Category Archives: Brad’s Essays
During this week’s podcast, in which Cody, John, and Jenna discuss the films of 1977, the conversation turns, of course, to William Friedkin’s masterpiece Sorcerer. I was glad to hear it come up, as just a few months ago I had the pleasure of being able to see it for the first time at the Harvard Film Archive. Not only was the new 4K restoration they screened unbelievably gorgeous, but William Friedkin himself was in attendance, and ended the evening with a Q&A.
William Friedkin is 79 years old, and while he occasionally discussed the craftsmanship involved in filmmaking or his philosophies towards storytelling, he mostly just told old man stories. And my God, if you ever have the opportunity to hear Friedkin talk, do not pass it up. Imagine your grandfather’s old glory day yarns he’s told a million times—now, imagine they’re about making The French Connection and getting innocent men off death row and visiting devil worshippers in Iraq.
In his review of Sin City: A Dame to Kill For, Armond White opens by declaring that “Neo-noir must be the worst movie genre. It’s an excuse for juvenile filmmakers to pretend cynicism while their imbecile audiences pretend sophistication.”
I can certainly see where he’s coming from. I haven’t seen A Dame to Kill For yet, but I have seen more than enough attempts at neo-noirs that think all there is to the genre is a femme fatale and an anti-hero in a trenchcoat. I’m talking about mediocre, flailing films like Max Payne—or worse, the attempts to bring noir to hip, younger settings like Assassination of a High School President and Lucky Number Slevin. They’re movies that look at the classics of the genre, fall in love with the aesthetic, but have no idea why or how that aesthetic works as it does. As Armond so aptly points out, Sin City and its ilk are all “pretending that it still means something to call a sexy woman ‘dame.’”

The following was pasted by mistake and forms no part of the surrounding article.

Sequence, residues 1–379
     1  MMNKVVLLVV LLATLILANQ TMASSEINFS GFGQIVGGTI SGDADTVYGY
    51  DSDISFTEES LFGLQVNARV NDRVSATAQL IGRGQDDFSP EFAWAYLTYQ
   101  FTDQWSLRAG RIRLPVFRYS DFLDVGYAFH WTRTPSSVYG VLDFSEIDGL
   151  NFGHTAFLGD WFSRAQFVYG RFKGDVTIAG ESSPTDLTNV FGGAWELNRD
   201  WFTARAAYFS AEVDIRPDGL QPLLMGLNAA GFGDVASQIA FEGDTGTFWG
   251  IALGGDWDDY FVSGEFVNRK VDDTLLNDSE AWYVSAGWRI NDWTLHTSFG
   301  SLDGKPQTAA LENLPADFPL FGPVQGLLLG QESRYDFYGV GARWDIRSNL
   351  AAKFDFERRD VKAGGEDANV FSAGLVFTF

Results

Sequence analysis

As far back as human civilization can be traced, there have been stories about the end of the world. The Norse had Ragnarok, Christianity has the Rapture, and the Mayans had 2012.
Some have argued film as a form of modern mythology, and as anyone who has been to a movie theater in the past decade or so can tell you, modern film is chock full of apocalyptic stories. It’s only right—every mythology needs its ‘end of times’ tales. They tell a lot about the culture that produced them: what their fears were, and how they perceived death.